It might be tempting to dismiss this problem as one that only the cool kids suffer from, but that would be to miss the wider point. In some situations, creating small trusted networks with variably-permeable boundaries is key to creating a sustainable broader network. This is particularly of collaboration spaces, where you want to invite only key people to work with you, although that group may change from project to project.
(Now, you may think that Facebook achieves this, but it doesn’t. It gives one the sense of being in a small sub-community without actually delivering on that promise – the boundaries are far too porous, and their porosity is not entirely under your control.)
We need to do a lot more thinking about this problem. It’s relevant in a whole host of context – hot-desking enterprise, for example – and most social networks focus on creating broad opportunities for interaction without considering how to let people create natural boundaries where they feel comfortable.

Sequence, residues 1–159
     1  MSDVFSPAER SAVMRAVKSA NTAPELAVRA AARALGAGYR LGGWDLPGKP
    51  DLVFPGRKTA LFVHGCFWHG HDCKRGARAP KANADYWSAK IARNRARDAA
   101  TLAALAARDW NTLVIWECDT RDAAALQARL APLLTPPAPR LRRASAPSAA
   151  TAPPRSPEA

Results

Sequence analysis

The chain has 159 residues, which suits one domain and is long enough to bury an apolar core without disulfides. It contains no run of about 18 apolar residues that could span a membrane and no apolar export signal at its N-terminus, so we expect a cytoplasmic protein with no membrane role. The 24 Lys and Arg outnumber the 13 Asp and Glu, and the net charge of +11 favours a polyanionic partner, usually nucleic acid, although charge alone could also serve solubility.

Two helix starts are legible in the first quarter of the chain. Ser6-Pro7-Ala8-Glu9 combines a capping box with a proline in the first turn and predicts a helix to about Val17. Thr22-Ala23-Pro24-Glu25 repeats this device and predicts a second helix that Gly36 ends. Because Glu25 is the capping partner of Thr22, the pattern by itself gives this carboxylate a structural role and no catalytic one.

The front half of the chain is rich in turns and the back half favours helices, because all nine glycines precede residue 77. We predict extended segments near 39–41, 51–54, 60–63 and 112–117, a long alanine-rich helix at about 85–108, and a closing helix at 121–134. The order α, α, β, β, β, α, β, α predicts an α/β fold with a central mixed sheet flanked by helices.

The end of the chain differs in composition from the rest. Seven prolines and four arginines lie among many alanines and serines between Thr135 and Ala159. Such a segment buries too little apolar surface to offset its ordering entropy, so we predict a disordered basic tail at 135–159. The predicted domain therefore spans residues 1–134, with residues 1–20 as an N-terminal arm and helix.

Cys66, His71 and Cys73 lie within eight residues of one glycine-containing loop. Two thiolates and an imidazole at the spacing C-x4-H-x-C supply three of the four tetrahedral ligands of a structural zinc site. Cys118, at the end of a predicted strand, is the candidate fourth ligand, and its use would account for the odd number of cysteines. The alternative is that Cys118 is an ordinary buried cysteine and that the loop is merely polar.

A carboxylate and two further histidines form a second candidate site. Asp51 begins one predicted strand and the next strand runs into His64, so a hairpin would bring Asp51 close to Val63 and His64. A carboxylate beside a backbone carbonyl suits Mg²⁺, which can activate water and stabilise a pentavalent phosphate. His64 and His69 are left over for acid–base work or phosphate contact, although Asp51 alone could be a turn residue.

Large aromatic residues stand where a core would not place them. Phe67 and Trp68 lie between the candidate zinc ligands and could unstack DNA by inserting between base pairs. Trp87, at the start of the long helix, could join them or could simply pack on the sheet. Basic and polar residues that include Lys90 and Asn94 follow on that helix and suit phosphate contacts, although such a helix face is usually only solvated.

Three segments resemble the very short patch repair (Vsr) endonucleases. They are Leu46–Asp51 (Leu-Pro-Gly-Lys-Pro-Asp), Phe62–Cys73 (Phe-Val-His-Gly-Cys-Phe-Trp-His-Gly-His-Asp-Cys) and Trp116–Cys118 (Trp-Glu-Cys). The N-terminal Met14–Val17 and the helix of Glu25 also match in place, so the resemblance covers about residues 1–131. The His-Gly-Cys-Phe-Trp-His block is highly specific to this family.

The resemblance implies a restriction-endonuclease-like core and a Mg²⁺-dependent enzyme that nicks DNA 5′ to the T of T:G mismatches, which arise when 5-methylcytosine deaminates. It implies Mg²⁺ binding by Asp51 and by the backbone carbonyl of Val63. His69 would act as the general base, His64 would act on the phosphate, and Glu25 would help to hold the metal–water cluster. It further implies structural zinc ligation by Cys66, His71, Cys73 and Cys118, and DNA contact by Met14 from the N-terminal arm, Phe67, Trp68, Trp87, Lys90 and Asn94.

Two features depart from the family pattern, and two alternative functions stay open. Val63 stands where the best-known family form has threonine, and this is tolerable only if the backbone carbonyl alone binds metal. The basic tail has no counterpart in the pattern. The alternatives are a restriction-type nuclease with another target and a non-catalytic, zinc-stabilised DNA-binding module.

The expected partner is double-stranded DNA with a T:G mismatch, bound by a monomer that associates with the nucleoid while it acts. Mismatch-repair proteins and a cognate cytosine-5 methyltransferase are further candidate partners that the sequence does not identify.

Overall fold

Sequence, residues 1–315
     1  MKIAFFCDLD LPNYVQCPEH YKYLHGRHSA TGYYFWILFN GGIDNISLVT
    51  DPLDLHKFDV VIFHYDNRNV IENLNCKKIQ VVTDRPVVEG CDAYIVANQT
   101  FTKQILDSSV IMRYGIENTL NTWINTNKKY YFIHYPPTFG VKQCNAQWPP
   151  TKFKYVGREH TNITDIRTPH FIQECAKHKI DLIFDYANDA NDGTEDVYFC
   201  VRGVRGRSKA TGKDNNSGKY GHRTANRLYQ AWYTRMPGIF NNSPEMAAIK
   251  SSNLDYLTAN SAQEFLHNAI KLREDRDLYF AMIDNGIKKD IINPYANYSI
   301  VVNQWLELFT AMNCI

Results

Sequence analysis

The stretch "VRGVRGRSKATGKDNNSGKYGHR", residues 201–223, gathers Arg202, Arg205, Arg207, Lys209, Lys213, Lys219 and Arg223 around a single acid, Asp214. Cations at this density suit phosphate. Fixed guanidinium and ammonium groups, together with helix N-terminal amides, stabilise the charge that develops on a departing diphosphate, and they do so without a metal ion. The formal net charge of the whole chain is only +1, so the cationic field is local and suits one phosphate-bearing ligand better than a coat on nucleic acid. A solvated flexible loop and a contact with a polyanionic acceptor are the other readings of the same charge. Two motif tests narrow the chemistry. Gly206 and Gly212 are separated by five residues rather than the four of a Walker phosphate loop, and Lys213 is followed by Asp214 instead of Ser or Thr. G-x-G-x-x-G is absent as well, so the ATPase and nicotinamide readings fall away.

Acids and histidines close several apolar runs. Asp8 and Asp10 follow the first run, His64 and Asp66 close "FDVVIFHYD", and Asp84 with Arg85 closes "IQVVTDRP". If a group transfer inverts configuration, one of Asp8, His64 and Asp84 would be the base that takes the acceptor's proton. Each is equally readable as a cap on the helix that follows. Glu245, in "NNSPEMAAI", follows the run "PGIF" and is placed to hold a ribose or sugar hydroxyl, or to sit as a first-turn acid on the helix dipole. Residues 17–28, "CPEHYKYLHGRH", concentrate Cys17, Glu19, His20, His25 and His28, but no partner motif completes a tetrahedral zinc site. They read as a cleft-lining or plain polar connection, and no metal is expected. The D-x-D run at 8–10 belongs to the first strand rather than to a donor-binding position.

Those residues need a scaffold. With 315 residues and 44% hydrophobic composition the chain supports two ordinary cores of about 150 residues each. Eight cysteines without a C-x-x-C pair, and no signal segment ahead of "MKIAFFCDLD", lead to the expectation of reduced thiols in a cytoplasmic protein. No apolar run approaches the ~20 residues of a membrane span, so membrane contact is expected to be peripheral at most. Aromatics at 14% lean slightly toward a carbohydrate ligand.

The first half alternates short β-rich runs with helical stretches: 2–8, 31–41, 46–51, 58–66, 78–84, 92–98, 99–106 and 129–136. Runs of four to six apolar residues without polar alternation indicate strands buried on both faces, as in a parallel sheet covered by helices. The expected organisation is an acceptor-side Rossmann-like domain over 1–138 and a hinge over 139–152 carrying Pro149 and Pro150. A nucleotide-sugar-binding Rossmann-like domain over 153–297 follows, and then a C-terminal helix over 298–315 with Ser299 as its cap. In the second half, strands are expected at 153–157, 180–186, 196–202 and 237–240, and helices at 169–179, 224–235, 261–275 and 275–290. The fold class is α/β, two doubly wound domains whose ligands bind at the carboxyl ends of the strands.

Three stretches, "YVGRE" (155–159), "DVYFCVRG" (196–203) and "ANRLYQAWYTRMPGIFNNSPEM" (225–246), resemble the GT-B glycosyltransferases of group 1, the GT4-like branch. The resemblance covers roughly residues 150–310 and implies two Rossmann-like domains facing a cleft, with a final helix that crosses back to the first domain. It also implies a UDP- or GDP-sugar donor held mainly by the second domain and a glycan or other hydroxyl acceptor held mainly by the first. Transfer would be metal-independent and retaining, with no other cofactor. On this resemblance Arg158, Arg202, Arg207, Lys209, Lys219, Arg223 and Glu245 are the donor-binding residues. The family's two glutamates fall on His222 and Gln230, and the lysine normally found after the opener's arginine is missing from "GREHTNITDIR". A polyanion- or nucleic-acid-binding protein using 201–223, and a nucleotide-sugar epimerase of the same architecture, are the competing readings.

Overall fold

I just read a great post by Joshua Porter about the origins of avatars in computing and it made me think about the importance of faces in our online social interactions. It reminded me of a blog post that Kevin Marks wrote in May about faces and trust, which then led me on to posts by Brad Feld and Dave McClure.
Faces are undoubtedly important to us. It’s how we primarily recognise people and those of us who are… let’s say physiognomically challenged find themselves frequently embarrassed at social gatherings because we are expected to be able to recognise people we have met before.
What, then, are the opportunities for enterprise software to become just a touch more social by incorporating avatars? Would email be a less awkward communications mechanism if we were shown a picture of the person we are replying to as we write? Would seeing a photo make us think a little bit harder about how our words might be interpreted by the person on the other end? Or would we end disadvantaging people who aren’t very photogenic? Or encouraging prejudice against those who have characteristics that can be perceived negatively, e.g. white hair triggering ageism.